Originally Posted by jessicaSAR
(I've even heard people talk about their daycare providers as "school")
My nephew turned two in September. My sister has been referring to his daycare center as "school" since he was about 6 months old. I think this is ridiculous, and my personal opinion is that she does this because she feels better about sending him to "school" than she does about sending him to "daycare." She also COMPLETELY buys into the "learn as much as possible as early as possible" idea.
I have found some fun games on the Noggin wesbite. We don't have cable or anything like that, but my friend who has a dish told me about some Laurie Berkner videos on the Noggin site, and we have explored it a little more since then.
Anyway, my kids are 3 3/4 and 2 3/4 (355 days apart in age) and we are most definitely, without a doubt, homeschoolers. We are homeschoolers simply because we plan to homeschool, even though we are not actively engaged in a curriculum or academic activities at this time. In my experience, there is a HUGE difference in attitude between those who plan to send their kids to school and those who don't. That attitude, in my opinion, is the central thing that makes the difference between homeschooling families and families who just don't send their kids to preschool. It's just a completely different worldview.
We do unit studies as my kids are inspired to do them. They provide the interest, I provide the activities, and they eat them up. If I plan something that my kids don't enjoy, we don't pursue it (although my kids very, very rarely don't enjoy something I have planned ... NOT because I am a super-great planner but because my kids just LOVE to do activities). I don't believe in early academics but I also don't believe in the idea that I have read here at MDC (more than once) that parents of kids younger than six or seven have no business trying to direct their kids' activities AT ALL. I think my kids benefit greatly from my planning things for them to do (sometimes ... I'm not talking 40 hours of planned activities here). The danger would come if I got so invested in the activity (or the time I spent planning it) that I took their disinterest personally (and I have, on occasion, but I have been able to swallow the feeling of rejection and just move on) and tried to force them to continue, which is, of course, what schools do: make kids do things regardless of their interest in or benefit from it.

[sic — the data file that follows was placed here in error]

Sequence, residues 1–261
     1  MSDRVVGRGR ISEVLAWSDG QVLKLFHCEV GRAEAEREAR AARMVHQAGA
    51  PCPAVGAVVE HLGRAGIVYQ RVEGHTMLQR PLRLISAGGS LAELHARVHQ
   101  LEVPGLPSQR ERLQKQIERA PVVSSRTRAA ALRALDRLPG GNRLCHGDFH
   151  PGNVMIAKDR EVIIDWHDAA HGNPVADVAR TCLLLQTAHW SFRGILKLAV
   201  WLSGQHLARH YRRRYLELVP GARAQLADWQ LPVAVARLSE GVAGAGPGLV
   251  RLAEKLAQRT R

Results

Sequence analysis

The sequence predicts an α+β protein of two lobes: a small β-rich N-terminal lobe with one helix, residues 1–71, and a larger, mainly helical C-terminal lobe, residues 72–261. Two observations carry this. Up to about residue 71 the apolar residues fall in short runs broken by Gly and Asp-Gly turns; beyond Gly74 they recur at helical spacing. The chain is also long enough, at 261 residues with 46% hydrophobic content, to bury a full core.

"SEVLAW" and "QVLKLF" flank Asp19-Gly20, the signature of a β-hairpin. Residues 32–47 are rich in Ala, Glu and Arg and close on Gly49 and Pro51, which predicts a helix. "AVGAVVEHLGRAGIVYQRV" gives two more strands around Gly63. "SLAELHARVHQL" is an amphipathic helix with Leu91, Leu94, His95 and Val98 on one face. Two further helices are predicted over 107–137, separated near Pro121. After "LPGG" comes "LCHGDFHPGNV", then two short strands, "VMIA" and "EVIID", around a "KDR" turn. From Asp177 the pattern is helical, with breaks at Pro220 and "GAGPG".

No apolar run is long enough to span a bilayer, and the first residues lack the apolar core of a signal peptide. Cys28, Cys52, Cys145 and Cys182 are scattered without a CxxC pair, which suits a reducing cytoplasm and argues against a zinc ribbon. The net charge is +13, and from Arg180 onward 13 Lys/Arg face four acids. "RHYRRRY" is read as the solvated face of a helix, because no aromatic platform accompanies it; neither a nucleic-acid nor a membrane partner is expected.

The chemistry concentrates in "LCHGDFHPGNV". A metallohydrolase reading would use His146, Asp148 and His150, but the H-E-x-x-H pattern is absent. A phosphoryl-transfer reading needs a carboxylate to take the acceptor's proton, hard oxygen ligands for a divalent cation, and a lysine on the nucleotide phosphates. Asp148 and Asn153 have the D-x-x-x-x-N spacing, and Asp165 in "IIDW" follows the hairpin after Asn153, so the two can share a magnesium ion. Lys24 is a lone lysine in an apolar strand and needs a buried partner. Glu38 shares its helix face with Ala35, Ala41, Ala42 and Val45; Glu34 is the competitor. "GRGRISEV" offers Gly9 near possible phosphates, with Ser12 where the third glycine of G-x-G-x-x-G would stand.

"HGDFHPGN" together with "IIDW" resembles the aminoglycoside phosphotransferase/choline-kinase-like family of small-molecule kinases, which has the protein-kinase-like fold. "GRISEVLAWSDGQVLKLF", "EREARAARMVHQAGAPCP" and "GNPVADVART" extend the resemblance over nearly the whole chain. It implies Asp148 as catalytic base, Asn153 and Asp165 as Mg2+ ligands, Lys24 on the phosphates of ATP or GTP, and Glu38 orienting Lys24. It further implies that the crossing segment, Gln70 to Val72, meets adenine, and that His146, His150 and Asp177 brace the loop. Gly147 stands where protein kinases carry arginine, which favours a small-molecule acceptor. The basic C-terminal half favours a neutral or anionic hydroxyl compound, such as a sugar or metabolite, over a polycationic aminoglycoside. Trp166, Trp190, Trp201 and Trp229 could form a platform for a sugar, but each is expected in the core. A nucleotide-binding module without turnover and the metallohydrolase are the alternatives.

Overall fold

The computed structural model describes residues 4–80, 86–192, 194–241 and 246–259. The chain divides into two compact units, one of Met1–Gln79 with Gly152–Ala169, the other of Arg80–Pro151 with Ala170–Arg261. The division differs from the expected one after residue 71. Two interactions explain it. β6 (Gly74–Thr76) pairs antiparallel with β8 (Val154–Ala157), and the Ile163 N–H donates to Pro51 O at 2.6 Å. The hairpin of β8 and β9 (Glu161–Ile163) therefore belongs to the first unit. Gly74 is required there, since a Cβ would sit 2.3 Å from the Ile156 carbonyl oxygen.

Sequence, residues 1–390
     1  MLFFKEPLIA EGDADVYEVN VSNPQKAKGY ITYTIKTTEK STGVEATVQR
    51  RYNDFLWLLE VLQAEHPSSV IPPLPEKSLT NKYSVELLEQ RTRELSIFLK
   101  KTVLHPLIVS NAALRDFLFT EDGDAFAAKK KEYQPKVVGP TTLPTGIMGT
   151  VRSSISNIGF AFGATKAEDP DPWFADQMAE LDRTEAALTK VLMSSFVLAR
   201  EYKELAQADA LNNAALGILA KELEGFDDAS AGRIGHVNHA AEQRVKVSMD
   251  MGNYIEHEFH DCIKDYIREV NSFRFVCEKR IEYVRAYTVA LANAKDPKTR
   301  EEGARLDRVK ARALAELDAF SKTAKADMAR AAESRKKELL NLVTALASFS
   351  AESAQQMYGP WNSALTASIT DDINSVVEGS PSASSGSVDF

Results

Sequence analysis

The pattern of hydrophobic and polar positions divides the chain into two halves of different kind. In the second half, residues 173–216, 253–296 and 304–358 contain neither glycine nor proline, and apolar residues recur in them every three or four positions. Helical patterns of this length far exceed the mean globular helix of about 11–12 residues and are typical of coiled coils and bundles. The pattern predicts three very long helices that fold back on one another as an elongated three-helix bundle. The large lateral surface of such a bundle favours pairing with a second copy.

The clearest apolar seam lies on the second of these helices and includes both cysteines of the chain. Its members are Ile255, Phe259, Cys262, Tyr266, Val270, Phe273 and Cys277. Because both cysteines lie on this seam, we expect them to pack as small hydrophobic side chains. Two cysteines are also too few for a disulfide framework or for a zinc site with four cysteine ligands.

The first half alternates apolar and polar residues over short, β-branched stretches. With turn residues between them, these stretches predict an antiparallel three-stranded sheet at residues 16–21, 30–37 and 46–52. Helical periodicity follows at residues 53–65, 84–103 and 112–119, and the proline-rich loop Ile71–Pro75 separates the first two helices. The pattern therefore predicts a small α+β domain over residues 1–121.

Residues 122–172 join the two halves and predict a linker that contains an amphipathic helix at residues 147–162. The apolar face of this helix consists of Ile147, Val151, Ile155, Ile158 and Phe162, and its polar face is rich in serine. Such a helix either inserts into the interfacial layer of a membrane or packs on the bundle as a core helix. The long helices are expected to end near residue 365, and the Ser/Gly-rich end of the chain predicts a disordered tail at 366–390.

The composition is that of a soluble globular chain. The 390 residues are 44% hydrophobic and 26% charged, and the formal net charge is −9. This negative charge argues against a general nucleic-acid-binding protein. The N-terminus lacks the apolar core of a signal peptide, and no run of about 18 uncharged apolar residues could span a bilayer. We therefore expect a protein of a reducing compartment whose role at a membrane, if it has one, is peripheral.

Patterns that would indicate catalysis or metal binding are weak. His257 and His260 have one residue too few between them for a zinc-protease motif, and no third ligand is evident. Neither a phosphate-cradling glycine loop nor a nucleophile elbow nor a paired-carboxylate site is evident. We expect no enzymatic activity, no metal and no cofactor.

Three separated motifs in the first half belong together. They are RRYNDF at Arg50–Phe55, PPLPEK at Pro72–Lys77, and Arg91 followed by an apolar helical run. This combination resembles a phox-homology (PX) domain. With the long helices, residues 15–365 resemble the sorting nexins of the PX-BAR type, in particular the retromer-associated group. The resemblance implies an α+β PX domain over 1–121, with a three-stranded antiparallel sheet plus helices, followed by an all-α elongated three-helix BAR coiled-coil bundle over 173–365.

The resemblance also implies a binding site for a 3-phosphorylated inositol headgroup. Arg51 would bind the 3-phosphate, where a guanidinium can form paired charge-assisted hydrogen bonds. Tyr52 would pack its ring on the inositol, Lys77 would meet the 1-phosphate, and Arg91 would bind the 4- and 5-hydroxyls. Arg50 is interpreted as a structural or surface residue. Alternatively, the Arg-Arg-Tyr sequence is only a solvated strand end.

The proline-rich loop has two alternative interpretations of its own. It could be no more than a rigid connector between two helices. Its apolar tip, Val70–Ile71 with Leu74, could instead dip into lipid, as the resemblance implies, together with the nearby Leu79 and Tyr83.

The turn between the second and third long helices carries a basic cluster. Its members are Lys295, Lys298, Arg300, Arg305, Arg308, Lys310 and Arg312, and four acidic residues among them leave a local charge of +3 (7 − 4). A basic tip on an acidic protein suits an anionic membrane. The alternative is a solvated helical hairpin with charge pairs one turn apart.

IMO, if a family has decided to take responsiblity for their kids' education, and they are not sending their kids to school full-time, they are homeschoolers. Even if their kid is 1 day old.